Whoever would have imagined that the great state of Texas, the stronghold of Republican conservatism in this country, would ever approve the use of medical marijuana? Just such a bill (HB 594) was filed by Democratic Texan legislator Elliott Naishtat in January 2013. The bill was lovingly passed on to the State’s Public Health people on Valentine’s Day. According to The Partnership at DrugFree.org, the bill has backing from representatives of both parties.
Eighteen states as well as the District of Columbia have approved legislation approving the use and/or the distribution of medical marijuana, or medicinal cannabis as it is called officially. They include Alaska, Arizona, California, Colorado, Connecticut, DC, Delaware, Hawaii, Maine, Massachusetts, Michigan, Montana, Nevada, New Jersey, New Mexico, Oregon, Rhode Island, Vermont, and Washington. Of all those states, the two states that approved it within the past 12 months were Connecticut and Massachusetts. It’s well known, of course, that Colorado and Washington have gone beyond the constraints of medicinal cannabis and approved recreational use of marijuana.
One Texas legislator made an impassioned plea for passage of medical marijuana in Texas stating that if any of his loved ones were to contract a dreaded, painful disease, he’d be out on the streets without hesitation looking for some street weed for his affected relative.
Naishtat stated in April in the Dallas Morning News that his bill doesn’t decriminalize marijuana, but it makes it legal for someone to possess marijuana if he is diagnosed by a physician and this has been documented. The bill also protects physicians who want to discuss cannabis as a therapeutic alternative for their patients who suffer from debilitating illnesses. Up until now, many physicians have refused to treat such patients because they risk losing their license if they discuss medical marijuana with their patients in the state of Texas.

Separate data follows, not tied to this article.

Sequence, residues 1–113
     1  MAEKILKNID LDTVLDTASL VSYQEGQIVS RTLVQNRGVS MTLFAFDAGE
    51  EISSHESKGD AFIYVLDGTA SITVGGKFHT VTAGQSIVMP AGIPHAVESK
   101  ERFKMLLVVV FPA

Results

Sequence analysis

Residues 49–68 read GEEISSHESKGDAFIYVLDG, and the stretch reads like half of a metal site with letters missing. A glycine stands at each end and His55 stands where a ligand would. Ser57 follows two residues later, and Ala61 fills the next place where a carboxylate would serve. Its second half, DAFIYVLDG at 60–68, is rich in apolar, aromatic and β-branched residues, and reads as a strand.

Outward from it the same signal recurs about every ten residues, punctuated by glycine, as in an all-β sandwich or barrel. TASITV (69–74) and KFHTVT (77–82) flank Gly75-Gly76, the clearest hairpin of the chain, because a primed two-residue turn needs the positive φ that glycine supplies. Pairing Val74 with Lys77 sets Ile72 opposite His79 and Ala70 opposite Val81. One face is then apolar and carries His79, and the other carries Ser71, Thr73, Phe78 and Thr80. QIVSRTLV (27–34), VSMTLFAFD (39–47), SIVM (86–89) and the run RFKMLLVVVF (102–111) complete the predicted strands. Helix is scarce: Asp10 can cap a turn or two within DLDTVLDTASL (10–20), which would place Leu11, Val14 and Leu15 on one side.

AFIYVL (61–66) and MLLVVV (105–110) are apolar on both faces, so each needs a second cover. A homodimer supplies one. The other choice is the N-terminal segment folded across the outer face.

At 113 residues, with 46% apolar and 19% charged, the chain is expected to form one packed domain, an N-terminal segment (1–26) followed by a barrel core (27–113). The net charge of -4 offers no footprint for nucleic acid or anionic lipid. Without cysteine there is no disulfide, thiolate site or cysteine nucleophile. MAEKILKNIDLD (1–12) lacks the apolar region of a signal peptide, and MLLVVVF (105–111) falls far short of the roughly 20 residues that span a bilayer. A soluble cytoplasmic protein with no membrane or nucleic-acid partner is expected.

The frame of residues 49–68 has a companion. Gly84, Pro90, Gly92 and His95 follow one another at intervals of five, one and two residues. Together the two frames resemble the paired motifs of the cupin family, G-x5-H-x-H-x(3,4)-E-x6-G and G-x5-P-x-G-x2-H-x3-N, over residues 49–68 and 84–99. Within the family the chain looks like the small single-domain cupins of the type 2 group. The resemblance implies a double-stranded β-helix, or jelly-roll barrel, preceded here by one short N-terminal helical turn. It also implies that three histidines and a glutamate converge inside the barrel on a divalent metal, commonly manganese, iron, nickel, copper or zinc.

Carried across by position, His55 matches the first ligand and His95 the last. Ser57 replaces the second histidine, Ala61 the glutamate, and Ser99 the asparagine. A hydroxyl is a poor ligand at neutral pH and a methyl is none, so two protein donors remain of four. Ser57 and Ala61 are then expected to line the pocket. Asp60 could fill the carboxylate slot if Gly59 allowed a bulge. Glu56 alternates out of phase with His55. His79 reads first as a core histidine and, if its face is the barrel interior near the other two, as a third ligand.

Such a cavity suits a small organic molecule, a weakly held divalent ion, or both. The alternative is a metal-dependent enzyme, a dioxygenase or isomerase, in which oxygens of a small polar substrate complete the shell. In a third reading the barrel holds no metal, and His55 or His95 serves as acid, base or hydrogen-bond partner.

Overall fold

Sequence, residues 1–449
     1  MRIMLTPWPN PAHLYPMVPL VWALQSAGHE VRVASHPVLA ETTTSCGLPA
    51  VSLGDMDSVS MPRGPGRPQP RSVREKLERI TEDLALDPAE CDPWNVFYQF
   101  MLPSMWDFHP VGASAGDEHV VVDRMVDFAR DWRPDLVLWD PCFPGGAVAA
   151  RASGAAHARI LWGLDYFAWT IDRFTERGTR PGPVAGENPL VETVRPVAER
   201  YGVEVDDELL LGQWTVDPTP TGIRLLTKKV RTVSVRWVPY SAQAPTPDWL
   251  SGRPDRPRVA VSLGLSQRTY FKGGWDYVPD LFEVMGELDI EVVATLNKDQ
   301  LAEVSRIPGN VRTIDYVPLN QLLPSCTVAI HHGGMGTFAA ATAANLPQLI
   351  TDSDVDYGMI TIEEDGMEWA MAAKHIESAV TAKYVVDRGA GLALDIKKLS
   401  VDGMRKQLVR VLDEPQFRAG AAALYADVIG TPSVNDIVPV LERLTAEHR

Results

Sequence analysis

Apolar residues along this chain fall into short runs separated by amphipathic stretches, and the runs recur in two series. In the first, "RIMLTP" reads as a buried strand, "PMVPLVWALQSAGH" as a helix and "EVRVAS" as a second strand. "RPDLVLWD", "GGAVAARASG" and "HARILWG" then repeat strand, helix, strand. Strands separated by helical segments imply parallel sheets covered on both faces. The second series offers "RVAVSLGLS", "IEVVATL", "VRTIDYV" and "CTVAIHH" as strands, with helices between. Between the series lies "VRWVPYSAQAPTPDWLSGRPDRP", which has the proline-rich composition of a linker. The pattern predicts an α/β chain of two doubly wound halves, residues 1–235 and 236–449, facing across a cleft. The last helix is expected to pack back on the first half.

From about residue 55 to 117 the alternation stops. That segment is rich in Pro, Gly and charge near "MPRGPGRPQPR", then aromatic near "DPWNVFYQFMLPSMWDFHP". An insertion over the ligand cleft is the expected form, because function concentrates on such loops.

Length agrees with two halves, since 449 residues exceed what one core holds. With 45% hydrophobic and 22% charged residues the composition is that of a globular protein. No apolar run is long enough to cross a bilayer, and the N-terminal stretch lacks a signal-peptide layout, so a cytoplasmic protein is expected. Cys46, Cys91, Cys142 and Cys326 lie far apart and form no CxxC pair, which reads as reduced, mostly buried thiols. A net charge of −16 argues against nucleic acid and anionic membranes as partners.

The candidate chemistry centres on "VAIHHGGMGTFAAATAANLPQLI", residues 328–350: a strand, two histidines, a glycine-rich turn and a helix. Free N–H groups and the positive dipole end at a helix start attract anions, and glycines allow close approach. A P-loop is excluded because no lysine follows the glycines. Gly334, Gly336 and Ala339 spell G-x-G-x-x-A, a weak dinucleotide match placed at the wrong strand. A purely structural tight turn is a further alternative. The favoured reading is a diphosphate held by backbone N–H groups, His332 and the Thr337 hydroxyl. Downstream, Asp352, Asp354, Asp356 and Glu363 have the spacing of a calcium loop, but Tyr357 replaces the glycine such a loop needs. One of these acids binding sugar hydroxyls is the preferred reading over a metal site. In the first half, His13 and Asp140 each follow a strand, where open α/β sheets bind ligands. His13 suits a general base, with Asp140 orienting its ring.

A Dallas Morning News reporter wrote in early April that over half the people support medicinal cannabis, a change from decades gone by. Other groups such as the Texas Eagle Forum oppose passage of this law because they recognize its potential as a gateway drug.
The statistics about marijuana’s status as a gateway drug are staggering. TIME Magazine reported in 2010 that according to the National Institute on Drug Abuse, a person who smokes marijuana is 104 times more likely to use cocaine that someone who has never used drugs. Even so, many people are laughing off the dangers of marijuana—this is a time like Prohibition, they say, and eventually marijuana will be decriminalized in all states. It’s no worse than alcohol, they say.
The truth is that the dangers of marijuana have taken a back seat to the spreading popularity of prescription drugs, including painkillers and ADHD meds. Those who can no longer get painkillers move on to cheap heroin. Party drugs like ecstasy are popular.
The fact that people forget marijuana does have dangers renders it all the more dangerous. Use of marijuana not only takes people down the path toward more serious addiction issues, but it also carries its own risks. Teens who use it can suffer impaired cognitive brain function. Adults who use it experience decreased natural production of serotonin and norepinephrine. It can exacerbate someone’s susceptibility to mental health issues. Traffic accidents from marijuana are creeping upward. And, no matter how many states pass it, the fact remains that it’s still illegal on the federal level.
As medical marijuana in Texas and other states becomes increasingly widespread, families of loved ones with addictive personalities must be prepared to respond proactively by seeking out treatment for the person who continually abuses marijuana. Treatment with a licensed, certified drug counseling center can help the person to look at his motives and form a plan that will help him to stop using, once and for all.